What Comes Naturally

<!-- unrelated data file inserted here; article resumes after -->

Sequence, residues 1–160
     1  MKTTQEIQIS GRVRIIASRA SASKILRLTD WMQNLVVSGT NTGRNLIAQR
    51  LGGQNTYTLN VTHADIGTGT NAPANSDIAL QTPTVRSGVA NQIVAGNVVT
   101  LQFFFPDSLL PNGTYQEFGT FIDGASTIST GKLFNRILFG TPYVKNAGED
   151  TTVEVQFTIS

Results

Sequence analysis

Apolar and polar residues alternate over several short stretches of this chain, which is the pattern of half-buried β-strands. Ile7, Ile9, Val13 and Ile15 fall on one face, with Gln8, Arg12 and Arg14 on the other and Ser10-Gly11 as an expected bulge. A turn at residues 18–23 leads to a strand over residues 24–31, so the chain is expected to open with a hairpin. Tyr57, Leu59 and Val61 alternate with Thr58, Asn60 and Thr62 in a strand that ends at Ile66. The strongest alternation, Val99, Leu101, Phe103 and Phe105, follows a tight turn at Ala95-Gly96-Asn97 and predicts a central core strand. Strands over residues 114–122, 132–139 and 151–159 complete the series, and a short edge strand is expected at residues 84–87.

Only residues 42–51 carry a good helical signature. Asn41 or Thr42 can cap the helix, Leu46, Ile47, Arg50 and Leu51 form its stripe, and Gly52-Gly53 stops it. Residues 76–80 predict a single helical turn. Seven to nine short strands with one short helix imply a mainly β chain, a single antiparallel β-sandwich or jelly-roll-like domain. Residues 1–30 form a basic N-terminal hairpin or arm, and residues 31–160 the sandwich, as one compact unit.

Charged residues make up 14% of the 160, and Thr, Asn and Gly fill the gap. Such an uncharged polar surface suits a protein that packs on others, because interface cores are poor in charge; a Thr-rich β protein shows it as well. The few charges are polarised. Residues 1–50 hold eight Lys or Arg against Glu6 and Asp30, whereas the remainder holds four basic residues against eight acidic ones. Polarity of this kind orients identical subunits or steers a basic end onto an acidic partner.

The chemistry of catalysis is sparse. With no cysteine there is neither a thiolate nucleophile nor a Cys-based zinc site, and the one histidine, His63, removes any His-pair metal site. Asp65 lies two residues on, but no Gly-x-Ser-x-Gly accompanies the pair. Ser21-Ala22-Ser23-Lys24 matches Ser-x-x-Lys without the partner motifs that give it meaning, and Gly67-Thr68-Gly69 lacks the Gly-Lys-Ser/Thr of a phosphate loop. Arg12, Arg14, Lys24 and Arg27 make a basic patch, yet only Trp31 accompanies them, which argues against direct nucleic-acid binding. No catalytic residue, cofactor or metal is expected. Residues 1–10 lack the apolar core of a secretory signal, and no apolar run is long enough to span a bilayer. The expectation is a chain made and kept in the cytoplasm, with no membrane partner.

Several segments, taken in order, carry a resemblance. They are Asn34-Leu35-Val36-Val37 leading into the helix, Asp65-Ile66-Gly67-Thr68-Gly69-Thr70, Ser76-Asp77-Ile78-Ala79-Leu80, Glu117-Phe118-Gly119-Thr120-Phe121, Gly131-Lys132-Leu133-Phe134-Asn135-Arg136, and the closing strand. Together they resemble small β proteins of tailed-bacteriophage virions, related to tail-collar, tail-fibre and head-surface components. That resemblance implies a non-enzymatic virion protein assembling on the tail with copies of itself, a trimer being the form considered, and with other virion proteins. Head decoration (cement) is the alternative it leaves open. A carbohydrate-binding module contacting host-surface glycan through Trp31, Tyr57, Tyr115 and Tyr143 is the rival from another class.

It took genuine nerve for Sheena Easton to call her album What Comes Naturally. To her, nothing does. Easton has always been a musical mannequin, a featureless vessel given identity by the accoutrements hung upon her. In her past hits, she’s been musically outfitted as a perky lounge singer (in 1981’s ”Morning Train”), a New Wave toughie (in 1984’s ”Strut”), a Prince sex-bomb (in 1985’s ”Sugar Walls”), and, most convincingly, as a shill for an exercise club (in her moist Jack LaLanne ads). Her latest ensemble (like her last few) finds the singer in the duds of a dance queen, imitating the Minneapolis sound created by Janet Jackson’s producers, Jimmy Jam and Terry Lewis, and by Easton’s old flame, Prince. But at the center there’s a cipher. Easton’s voice sounds processed enough to be the result of some terrifying science project. She can hit lots of notes, but emotionally she never connects the dots. None of her huffing and puffing can hide the secret truth. As a performer, she’s nothing more than Julie Andrews wearing a G-string.